February snowfall brought relief for lodging companies
Healthy snowfall in February meant big lodging numbers for western resort destinations, a welcome change following relatively low occupancy rates in December and January. But while resorts across the western United States thrived as a whole last month, year-over-year numbers suggest that mountain destinations aren’t doing as well as they were last winter.
February bookings surged 15.6 percent last month compared to February 2017, according to DestiMetrics, part of the business intelligence platform Inntopia, which tracks lodging performances across resort destinations. Aggregated occupancy from participating destinations (data is collected from almost 300 property management companies in seven states including Colorado) was down 2.9 percent; an improvement from the 4.4 percent occupancy was down at the beginning of the month. Finally, there was a 5.2 percent increase in the average daily rate, yielding a 2.1 increase in revenues for the month.
Snow appears to be the defining factor.
“The booking pace during February was a complete 180-degree turnaround from the beginning of the month,” said Tom Foley, vice president of business intelligence for Inntopia. “Although the significant snowfall clearly drove considerably more bookings and occupancy during the month, a few weeks of strong snowfall does not a season make.”
For the full winter season, November through April, aggregated occupancy rate is down 2.6 percent compared to last season, though a 3.3 percent increase in average daily rates means there was a 0.7 percent increase in revenues compared to last winter.
The pattern rang true for some lodging companies around Grand County, including Winter Park Resort, who reported consistent fluctuations with the DestiMetrics report.
“It’s not anything revelatory,” said Steve Hurlbert, director of communications for Winter Park Resort. “It’s been happening with the ski industry for as long as the ski industry has been around, and that is when it snows people come. We ended up with 64 inches in the month of February. The word got out and people came.”
Hurlbert said the resort’s lodging numbers have been down overall, but rebounded nicely following a number of February storms. Other companies bucked the pattern, reporting that numbers throughout the season have been up.
Sarah Bradford of the Winter Park Lodging Company said businesses that cater to a more luxury market or longer stays aren’t as tied to snowfall numbers as those who cater to nightly short term rentals.
“In Winter Park the Denver drive market absolutely checks the snowfall, and that’s a big factor,” said Bradford. “For hotels and one or two night stays I can definitely see how those occupancy rates have gone down. But for larger homes and for longer stays, really the destination traveler to Winter Park, we are actually up in our occupancy over last year. People who come for Christmas from Texas don’t have any idea if there’s going to be snow or not.”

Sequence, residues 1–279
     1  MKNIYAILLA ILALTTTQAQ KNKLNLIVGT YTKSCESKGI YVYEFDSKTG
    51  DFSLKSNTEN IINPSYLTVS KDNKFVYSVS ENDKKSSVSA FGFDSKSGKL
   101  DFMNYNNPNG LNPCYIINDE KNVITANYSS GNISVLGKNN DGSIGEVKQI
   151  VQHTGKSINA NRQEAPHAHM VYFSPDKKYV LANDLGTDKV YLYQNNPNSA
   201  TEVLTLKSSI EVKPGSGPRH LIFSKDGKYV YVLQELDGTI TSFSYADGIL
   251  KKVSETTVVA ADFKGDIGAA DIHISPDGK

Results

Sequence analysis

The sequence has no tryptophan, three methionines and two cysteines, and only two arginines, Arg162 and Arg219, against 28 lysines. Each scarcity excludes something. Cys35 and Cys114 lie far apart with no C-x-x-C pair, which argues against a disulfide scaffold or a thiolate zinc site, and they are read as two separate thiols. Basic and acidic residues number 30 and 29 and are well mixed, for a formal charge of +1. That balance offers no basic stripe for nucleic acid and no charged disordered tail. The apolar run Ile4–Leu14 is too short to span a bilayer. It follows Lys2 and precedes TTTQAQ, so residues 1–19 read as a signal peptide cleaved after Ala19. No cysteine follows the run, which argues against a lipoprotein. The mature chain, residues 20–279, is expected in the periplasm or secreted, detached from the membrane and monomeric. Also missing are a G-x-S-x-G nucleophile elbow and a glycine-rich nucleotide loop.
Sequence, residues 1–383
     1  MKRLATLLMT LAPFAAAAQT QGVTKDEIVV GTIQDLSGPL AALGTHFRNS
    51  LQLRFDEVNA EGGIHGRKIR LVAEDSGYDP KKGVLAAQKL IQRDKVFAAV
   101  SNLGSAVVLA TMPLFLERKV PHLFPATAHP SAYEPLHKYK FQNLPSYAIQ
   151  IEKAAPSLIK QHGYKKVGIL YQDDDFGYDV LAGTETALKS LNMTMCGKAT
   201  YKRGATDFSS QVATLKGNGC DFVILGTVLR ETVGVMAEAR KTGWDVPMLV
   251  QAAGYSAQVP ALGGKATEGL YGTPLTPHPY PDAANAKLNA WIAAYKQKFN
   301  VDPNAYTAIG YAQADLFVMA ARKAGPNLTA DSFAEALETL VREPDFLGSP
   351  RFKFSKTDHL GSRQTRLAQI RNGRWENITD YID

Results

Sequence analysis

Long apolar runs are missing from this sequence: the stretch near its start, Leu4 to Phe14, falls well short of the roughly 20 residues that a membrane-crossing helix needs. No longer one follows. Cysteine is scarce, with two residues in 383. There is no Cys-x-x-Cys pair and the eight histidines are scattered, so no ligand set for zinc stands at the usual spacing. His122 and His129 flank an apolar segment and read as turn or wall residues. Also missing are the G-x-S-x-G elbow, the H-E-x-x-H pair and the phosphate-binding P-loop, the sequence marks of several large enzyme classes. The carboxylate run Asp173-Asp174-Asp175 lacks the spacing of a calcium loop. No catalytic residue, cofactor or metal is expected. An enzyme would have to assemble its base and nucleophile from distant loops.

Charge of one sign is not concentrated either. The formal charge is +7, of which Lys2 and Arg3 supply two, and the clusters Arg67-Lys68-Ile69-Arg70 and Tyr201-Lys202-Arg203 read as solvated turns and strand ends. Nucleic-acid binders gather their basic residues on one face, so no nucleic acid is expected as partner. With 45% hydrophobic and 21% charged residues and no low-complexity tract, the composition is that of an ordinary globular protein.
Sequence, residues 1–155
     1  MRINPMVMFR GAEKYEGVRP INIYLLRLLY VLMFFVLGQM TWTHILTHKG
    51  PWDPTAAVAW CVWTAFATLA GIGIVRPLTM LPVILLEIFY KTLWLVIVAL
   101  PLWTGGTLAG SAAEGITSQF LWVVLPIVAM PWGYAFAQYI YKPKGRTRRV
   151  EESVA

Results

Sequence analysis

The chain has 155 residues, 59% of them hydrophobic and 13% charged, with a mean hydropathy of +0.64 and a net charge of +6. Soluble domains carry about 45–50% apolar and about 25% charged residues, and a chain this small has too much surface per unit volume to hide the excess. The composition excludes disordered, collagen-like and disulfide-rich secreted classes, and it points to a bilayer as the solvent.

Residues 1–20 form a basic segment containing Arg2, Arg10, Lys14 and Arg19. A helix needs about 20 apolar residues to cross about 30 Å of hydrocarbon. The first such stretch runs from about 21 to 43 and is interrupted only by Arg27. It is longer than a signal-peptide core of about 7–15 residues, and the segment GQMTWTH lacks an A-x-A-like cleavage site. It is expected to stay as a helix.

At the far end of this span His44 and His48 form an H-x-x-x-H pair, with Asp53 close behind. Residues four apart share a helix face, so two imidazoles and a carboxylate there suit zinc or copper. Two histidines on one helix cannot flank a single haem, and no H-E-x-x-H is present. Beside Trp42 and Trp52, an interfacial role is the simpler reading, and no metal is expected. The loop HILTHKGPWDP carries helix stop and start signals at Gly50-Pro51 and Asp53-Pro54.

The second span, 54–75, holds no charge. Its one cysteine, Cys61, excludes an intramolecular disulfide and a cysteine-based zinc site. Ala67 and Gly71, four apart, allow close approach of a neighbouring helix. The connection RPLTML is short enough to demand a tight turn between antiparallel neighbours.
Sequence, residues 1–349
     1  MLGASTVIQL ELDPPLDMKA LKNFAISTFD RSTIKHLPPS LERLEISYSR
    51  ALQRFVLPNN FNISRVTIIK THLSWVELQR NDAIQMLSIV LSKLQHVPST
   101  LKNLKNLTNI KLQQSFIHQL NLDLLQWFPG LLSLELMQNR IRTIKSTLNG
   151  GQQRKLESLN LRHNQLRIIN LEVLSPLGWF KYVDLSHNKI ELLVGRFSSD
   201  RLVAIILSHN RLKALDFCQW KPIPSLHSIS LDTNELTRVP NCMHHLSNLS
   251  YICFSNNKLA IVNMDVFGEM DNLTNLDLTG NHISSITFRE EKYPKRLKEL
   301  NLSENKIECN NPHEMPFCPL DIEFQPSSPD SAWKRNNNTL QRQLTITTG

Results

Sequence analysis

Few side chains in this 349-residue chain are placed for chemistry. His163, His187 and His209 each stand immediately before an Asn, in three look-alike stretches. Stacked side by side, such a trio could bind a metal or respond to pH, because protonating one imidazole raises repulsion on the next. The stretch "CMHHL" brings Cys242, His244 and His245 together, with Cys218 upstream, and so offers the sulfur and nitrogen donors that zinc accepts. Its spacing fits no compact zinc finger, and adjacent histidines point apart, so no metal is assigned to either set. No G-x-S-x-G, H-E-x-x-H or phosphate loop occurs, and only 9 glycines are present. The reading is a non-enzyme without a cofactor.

Inntopia credits lodging revenues relative stability, even in a low snowfall season, with strong economic indicators. The Dow Jones Industrial Average, despite a drop in February, ended more than 20 percent higher than February 2017, and the Consumer Confidence Index rose to its highest level since 2000.
“Consumers appear confident that the economy will sustain its strong expansion in the months ahead,” said Foley. “Increases in interest rates are expected to keep inflation in check but with such strong economic fundamentals, discretionary spending on travel is likely to be unaffected by market fluctuations.”
Inntopia also revealed an early look at what mountain destinations should expect in terms of bookings for the summer months. Bookings made in February for arrivals in February through July are up six percent. May bookings are up 8.5 percent, and July bookings are up 8.7 percent, as of March 1.
“Different segments of the mountain destination market will have varying degrees of success in these conditions, and although low snowfall is hardest on slope operations such as lift tickets, rentals, and lessons, other businesses may be less negatively impacted from the low snow,” said Foley. “Retailers, bars, restaurants, and non-ski activities may remain flat or in some cases, post some gains.”
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